No matter how much we prepare and practice, things don’t go exactly as planned when it comes to media interviews! As life-long learners and media trainers, we’re always looking for ways to improve, learn and share our secrets of success with you! In the next few newsletters, we’ll share some our TV interview fumbles – and how to fix them!
Media Interview Fumble #2: Relying on the producer to supply your food props
Sue’s story: The night producer for CBC Morning Live National News called me at 8 pm, asking if I was available for a live interview about sugars at 6 am THE NEXT MORNING! I had already been up at 4 am for another interview that day and was exhausted, ready for bed! I could have easily declined the opportunity. However, as we all know, this is how the media works. They are on a deadline and they called me as their go-to dietitian expert. If I were to have said no, then someone else, maybe even a “pseudo-expert”, may have been called.
I accepted the interview and scrambled like crazy to prep for my interview! I spent the next 3 hours reviewing the research, creating my key messages and sending a list of my food props to the TV producers. The producer assured me that they would bring all of the props as I simply did not have the time or energy to collect / buy props. So I sent her a detailed list of the fruits and veggies that I needed for a fruit bowl.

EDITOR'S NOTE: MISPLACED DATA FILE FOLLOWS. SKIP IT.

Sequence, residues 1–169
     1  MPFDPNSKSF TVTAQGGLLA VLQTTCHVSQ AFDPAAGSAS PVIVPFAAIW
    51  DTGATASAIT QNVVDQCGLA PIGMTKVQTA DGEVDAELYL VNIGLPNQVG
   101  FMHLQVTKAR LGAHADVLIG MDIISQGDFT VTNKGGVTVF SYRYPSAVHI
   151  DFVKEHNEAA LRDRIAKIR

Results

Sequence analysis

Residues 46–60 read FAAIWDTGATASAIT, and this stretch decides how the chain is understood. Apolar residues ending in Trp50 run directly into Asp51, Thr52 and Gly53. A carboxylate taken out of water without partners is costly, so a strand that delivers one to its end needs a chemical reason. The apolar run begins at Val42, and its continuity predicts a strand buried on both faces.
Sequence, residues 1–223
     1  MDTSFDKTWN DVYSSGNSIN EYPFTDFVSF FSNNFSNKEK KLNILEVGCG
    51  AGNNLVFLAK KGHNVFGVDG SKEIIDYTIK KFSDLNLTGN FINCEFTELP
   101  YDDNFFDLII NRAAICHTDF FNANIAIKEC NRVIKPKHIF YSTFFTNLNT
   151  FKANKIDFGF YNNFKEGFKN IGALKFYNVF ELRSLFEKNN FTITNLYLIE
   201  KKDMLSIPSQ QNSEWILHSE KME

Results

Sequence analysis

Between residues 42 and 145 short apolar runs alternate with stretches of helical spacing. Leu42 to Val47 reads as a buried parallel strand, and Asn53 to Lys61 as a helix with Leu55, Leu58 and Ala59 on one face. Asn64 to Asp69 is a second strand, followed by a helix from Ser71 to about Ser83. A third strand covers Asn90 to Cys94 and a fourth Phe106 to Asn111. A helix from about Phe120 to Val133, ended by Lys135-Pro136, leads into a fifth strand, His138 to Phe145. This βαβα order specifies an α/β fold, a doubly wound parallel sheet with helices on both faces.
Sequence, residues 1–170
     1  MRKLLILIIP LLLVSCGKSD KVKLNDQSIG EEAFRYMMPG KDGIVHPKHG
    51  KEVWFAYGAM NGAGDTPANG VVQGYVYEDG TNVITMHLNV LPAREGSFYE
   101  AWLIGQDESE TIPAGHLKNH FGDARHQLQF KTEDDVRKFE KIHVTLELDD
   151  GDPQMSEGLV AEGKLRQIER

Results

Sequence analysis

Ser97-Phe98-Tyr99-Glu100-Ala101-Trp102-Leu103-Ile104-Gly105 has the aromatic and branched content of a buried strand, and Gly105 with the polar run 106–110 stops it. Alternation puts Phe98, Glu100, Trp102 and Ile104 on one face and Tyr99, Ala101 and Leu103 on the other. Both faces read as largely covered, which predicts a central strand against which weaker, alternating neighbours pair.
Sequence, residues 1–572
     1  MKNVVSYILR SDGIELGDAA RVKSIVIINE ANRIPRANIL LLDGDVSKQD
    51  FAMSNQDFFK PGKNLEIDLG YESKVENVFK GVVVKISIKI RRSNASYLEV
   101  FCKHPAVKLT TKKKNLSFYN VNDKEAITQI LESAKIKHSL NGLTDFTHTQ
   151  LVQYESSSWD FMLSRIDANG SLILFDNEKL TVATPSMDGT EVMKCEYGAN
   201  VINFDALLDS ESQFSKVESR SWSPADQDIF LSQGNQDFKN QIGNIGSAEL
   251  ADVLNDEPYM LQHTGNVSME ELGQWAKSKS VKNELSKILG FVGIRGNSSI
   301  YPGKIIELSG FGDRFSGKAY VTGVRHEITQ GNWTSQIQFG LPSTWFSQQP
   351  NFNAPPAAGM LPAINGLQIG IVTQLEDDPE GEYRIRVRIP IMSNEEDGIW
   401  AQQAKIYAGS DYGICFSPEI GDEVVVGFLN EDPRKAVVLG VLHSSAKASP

When I arrived at the studio, I was shocked to see that the fruit bowl only contained ONE apple, ONE orange and ONE pear. I added a bunch of grapes from my purse (my pre and post-interview snack) while the morning producer walked around the newsroom, picking up an additional 3 carrot sticks, 5 cherry tomatoes and a banana (all sourced from different people’s lunch boxes) to make the bowl look fuller.
The Fix: Stay in control of all aspects of an interview – from the key messages to the visuals / props. Unless you are working a food stylist, bring in your own props so that you are guaranteed to have exactly what you want. Or, bring in a few of your own props as back up. Visuals are the road map to your key messages.
Our job as media dietitians is to communicate information in an edu-taining way. The job of the producer is to book the interview and create an interesting, relevant story – not just for you, but also for all of the other news stories / interview guests that day. Perhaps another option would have been to modify my key message related to that particular visual.
Next Month: Read about Gina Sunderland’s surprise when one of her ingredients went awry just an hour before her TV interview!